It makes a secure connection to LDAP to change the password using t allow us to do that using all that pass and they're going, oh my god, you know, we're having such a hard time getting this to work we're you know, we've got to get it to figure, we've got to figure out how to get these guys to get open LDAP and key cloak to share certificates and manage those certificates in one hour we're all like, hey stop stop wait just turn on STL mutual ts and you've got a frickin' steal tunnel all the way through.

That is is solid.

Don't worry about all that mess at all have an unencrypted l that connection that is encrypted by Mitchell teal s through its dio bam.

So that's why it is magical when it comes together like that cool, cool.

Thanks Any other questions related to anything else.

I posed the question.

So the last two days.

I had a couple of issues with the commissioning issue two instances in particular, I see 5 o'clock in here central a one they just sort of place this thread in select as well.

I posted it with an image of the arrow message.

I'm just wondering if you have like knowledge where I can find out if something like this also an image in the thread, if you click something how I can basically find out if instances I will like I like mutate.

Yes I was Ezra all the way before.

So that's interesting. you know I don't.

I mean, it's a legitimate request and you should be able to just have an alert for that.

I know that not answering your question.

But are you able to spin up a different type of instance, if that one is not available.

Yeah, I was able to adjust like it's all around us.

And we didn't care about multi easy in this case.

So like the same consensus were available in Erie central a B and C So but in general like I don't know how to do it.

And I'm currently wondering if I should like introduce and an auto scaling policies auto skaters and AWS and makes instant policy.

So yeah.

So if you do, that's what I was going to kind of get at.

If you do a what do they call a template and no template or whatever.

But a lunch template.

Yeah, you can.

You can have a priority list of instance types and it'll try your first priority first.

And if it can't because they're out.

It'll do your second priority right.

So yeah, that's just what.

I'm like, because this is what I'm currently evaluating if it's worth it because like all three zones being elephant census seems unlikely to me.

But in the case, it happens.

I like to instance, a state doesn't change if you try to open up new instances, you don't get a notification like, I don't know what's going on there.

Like I actually like I don't have any insights.

We're just kind of weird.

We also just note that notice because well apartments rental broking.

So the only reason why for us.

We actually noticed it.

Yeah, I don't even know if there's an API to be able to check if that exists without trying to launch it itself right.

This is the thing I was thinking of.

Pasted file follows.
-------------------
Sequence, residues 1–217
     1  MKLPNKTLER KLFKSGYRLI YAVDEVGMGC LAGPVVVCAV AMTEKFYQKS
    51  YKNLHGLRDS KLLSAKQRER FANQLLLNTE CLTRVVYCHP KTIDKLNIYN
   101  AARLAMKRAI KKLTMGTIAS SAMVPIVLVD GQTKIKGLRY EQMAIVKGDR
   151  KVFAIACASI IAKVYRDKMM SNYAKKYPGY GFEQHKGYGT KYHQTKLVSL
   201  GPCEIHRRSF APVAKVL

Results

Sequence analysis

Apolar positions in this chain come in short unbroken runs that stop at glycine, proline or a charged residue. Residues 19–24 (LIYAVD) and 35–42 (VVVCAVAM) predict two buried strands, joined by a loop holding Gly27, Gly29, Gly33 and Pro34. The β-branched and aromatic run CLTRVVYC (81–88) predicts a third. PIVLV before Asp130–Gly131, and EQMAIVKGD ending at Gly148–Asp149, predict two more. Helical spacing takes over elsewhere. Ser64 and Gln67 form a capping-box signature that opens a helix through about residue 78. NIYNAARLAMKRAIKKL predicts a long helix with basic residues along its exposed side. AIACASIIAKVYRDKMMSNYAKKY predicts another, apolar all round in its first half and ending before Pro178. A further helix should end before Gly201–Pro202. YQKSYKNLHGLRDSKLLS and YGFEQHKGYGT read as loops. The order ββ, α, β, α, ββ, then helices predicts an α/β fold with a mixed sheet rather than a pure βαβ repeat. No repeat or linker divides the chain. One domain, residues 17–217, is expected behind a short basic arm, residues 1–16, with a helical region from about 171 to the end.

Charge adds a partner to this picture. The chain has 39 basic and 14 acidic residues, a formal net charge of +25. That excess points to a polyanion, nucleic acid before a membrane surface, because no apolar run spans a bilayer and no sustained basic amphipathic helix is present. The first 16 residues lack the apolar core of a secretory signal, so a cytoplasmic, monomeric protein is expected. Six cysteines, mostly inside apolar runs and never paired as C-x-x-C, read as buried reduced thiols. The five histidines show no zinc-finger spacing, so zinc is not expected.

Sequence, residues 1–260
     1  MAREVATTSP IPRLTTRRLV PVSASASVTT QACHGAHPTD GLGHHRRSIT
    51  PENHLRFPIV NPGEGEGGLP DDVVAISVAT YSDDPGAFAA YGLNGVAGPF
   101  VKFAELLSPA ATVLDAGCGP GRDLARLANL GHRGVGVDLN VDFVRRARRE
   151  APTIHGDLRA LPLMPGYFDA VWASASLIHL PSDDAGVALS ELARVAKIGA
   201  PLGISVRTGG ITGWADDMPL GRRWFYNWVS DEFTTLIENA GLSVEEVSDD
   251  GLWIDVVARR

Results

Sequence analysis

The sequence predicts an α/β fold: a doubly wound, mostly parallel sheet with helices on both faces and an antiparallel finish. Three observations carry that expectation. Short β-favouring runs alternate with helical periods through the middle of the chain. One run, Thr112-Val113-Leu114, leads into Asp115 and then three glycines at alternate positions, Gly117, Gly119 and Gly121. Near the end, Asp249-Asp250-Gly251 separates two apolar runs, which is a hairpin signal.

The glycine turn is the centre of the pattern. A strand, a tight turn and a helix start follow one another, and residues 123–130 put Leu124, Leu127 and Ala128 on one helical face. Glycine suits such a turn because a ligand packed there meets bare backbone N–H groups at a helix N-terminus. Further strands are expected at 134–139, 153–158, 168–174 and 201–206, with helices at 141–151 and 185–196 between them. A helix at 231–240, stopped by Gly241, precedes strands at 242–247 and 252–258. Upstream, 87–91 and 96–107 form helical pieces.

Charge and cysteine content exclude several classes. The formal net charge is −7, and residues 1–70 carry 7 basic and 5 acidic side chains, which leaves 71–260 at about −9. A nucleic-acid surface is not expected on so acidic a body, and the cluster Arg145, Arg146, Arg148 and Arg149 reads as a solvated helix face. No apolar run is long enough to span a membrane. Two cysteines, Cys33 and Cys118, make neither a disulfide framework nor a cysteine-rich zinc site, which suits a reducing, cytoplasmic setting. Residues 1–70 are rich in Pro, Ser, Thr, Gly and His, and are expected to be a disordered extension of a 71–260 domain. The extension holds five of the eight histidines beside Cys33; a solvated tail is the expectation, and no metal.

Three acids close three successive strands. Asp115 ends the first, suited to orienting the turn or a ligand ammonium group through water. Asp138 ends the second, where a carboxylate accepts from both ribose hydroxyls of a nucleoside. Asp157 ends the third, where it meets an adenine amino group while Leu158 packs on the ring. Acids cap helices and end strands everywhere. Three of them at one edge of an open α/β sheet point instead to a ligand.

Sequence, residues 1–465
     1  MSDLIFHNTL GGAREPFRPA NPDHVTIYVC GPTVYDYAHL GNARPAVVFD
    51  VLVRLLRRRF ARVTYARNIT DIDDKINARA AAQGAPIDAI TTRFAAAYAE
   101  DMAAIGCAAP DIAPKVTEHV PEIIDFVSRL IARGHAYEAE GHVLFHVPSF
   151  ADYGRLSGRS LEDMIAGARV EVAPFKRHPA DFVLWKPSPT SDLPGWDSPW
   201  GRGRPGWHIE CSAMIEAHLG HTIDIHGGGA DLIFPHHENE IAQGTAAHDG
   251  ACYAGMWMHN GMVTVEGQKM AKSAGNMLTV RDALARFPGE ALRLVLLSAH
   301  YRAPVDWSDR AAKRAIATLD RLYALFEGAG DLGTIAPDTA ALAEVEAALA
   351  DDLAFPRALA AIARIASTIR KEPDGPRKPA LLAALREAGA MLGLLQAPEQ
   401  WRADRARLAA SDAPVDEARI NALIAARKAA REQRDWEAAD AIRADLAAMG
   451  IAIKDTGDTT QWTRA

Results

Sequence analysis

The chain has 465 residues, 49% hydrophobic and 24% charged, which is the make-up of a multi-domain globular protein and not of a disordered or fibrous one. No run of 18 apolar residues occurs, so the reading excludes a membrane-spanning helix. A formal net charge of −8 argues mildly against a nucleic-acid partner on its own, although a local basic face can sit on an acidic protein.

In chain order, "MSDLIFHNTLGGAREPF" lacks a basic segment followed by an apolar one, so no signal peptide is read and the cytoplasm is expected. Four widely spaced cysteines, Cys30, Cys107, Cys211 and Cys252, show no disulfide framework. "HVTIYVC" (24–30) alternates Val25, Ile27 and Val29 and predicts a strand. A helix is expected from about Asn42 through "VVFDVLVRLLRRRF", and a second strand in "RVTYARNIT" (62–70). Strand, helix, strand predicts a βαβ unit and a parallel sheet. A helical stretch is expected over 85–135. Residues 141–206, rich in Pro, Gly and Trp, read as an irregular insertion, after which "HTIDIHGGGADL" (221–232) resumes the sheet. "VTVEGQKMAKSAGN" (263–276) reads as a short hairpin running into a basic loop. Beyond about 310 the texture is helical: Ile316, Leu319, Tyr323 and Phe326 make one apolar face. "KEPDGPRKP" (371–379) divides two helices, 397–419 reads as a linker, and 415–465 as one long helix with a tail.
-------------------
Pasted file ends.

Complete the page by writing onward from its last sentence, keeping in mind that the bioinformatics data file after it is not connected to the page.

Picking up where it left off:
I just want to see if they meant it had any mention of the problem that you're talking about.

So this is a set of lambda as you can deploy to monitor your AW limits.

Like when you're approaching them get alerted on that which is also valuable.

But I don't know if this is going to tell you well.

Like you can't even Launch Instance to begin with, even though you haven't reached your limit on it.

Maybe Yeah.

I mean, it wasn't my limit.

It didn't vote on any of our accounts.

So it was just a hobby.

This particular song didn't have any instant intent of this type of label and you've previously been able to launch them.

Yeah, it also worked in a certain sense and type and adopt a.

I switch some back to a smaller 1 again.

And that also.

I just could not open up.

See if I think slouch like for me.

I'm neutral.

It was like like I just like you I mean, they only have a certain capacity of bare metal servers you know what I mean, that's where spot instances come from this is your buying extra capacity for cheap right.

So there could be something there could be something in spot instance availability that you could look into.

You know that if spotted then start if spot instances aren't available.

That means they're running out of that type of resource.

And the other thing to consider are spot fleets which then can be composed of multiple instance types.

So don't know.

It's almost there.

It's almost like treating instance types as cattle as well.

Don't rely on just one type of cow.

Right now right.

Yeah So that's what I'm currently thinking about if I should do it If it's worth it because, well, for one particular, obviously spin up between 20 and 100 instances throughout today and well if we cannot spin up one sentence.

We're kind of in a better shape in terms of performance and stuff.

So yeah but Yeah.

Cool Checking Spartan might be a good indicator.

You can see here.

So Jeffrey and then we have Jeffrey you've been on the call.

Yeah I'm here.

Hey Jeffrey give me that.

Well, we get to your question here.

Jeffrey Then you know the best way to do multi region would Terraform unaided of us.

Let me bring up your thread that you had brought posted.

So everyone can get the context here.

Yeah, I could also just repeat as well.

So basically what I'm looking at is to have a disaster recovery for Terraform essentially just a duplicate set of resources.

We have a Kubernetes cluster.

And we use all of S3 and then so we're primarily in the US east region.

We want to have a failover into my example is just us west too.

But then.

So what I was worried about is managing that Terraform remote state in S3 because given that AWS is S3 buckets are region specific.